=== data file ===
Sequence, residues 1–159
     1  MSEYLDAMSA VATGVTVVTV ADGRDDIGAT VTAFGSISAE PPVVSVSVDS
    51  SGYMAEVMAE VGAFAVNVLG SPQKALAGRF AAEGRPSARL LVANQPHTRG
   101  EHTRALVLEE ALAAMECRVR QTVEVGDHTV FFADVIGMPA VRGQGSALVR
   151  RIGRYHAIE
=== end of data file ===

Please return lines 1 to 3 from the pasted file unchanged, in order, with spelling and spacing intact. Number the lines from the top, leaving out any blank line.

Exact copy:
Sequence, residues 1–159
     1  MSEYLDAMSA VATGVTVVTV ADGRDDIGAT VTAFGSISAE PPVVSVSVDS
    51  SGYMAEVMAE VGAFAVNVLG SPQKALAGRF AAEGRPSARL LVANQPHTRG